Joe Biden told the BBC after he got elected “I’m Irish”, sending chills down the backs of those in Downing Street thinking that Brexit means all international agreements are now totally open season. That said, such a connection doesn’t seem like it will win Ireland any trade wars with the UK over Brexit and the vaccine trade any time soon.
According to The White House:
“We’re certainly aware that there are disagreements at the moment between the UK and the EU in the implementation of that. We view that as a trade issue to be resolved between the UK and the EU, and hope that both sides are able to return to the table and discuss the implementation of the agreement.”
Getting something from the meeting
Ireland wants and very much needs the Good Friday peace agreement to remain in place. The gun is kept out of Irish politics and life in Northern Ireland because of it. That’s the big item agenda of any talks between Ireland and America undoubtedly.
The other big concern is if Ireland could be in a position strong enough to get its own extra supply of surplus vaccines from America, by asking for it. The temerity to ask and then get them would be a big manifestation of Ireland’s gentle touch with America. A powerplay.
This does need to be mentioned, could asking for such supplies hinder Ireland’s hopes of keeping the tradition of the shamrock trade alive when the Irish-American lobby may become reduced in years to come with demographic changes?
Or would American foreign direct investment in Ireland and other interests still warrant that unique relationship between both?
The longer-term efforts of keeping peace in Northern Ireland are an easy win that plays to the message that America is a force of good in the world. That its hegemony has peaceful dividends.
A short term effort of giving Ireland more vaccines is a harder political sell for the White House. China is, inevitably going to supplant America on many levels and there have been no significant efforts to get the Russian vaccine used in Ireland. Ireland knows that because of the EU and US relationship being stronger than others, it can ask for things like vaccines from the US.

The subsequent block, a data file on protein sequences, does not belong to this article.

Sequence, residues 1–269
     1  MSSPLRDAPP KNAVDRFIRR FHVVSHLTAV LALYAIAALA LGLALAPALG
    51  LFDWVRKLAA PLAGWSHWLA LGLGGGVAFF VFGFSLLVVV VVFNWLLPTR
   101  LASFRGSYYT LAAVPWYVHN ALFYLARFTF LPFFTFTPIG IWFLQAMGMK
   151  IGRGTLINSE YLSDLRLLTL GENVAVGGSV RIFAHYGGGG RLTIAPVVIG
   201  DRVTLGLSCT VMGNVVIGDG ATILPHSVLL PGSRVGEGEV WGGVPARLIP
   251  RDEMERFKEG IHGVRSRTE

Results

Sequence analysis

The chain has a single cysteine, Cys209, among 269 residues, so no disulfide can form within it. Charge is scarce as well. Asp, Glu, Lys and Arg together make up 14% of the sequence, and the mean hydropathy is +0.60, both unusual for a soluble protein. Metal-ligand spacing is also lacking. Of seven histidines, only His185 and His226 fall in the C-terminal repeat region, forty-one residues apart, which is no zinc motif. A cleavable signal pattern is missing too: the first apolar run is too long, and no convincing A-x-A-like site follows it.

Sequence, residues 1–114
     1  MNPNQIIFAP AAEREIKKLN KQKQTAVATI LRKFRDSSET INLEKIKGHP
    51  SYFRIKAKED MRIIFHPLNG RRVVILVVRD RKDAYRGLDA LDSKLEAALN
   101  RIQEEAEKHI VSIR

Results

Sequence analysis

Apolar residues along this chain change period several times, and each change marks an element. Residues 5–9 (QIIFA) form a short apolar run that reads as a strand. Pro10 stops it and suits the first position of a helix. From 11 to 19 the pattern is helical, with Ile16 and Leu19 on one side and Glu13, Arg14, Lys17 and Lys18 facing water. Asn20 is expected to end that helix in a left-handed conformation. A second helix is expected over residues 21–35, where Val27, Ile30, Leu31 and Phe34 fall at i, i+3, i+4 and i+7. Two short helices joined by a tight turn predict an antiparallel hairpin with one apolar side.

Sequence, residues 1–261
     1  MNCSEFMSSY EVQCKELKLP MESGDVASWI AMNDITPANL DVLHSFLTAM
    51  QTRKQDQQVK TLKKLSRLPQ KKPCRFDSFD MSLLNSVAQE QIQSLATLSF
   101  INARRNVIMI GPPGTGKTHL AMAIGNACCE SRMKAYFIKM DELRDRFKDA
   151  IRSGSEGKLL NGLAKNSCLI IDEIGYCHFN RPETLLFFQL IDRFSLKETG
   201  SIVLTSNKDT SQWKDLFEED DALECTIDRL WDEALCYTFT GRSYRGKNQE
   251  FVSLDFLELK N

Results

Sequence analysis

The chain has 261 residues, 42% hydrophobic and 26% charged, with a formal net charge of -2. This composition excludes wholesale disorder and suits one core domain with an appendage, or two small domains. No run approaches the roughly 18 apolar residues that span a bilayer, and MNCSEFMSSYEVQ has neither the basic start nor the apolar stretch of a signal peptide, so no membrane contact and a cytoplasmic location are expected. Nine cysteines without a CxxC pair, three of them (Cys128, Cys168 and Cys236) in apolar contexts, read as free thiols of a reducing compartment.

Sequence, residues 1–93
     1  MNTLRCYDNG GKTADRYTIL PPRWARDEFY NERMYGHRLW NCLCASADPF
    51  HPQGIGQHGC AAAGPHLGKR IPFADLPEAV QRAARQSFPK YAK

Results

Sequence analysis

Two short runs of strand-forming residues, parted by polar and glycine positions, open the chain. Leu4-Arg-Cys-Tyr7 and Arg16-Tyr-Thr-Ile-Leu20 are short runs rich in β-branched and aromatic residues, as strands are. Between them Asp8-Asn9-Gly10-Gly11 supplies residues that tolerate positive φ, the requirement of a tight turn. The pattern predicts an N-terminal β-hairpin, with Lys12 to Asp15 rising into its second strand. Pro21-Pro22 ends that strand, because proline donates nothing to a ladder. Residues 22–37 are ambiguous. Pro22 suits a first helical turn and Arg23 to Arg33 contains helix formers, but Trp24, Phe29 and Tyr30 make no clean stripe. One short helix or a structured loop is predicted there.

Yet, the short answer Ireland received yesterday was a polite no. The matter will be ‘monitored’ for now. Joe said no.
St. Patrick’s day this year between Ireland and America was still marked with a degree of celebration. The meeting went ahead and buildings internationally were lit in green.
Sadly what gives the tradition its very power for all of us around the world is the getting together. Dancing, parading in the streets, and having a good day out. Times Square was showing Irish dancing on the big video screens but sadly few were there to see it in person.
Hopefully, this will all just be a note of historical novelty as future generations of our international diaspora will keep alive the power of tradition. in person.
Let’s ‘keep her lit!’ (in green).
Heber Rowan is a Sligo native with a passion for politics. He works in public affairs and enjoys listening to and narrating audiobooks. He can be found on Twitter and occasionally blogs on Medium.com.
Earlier: Heber on Tomorrow Tonight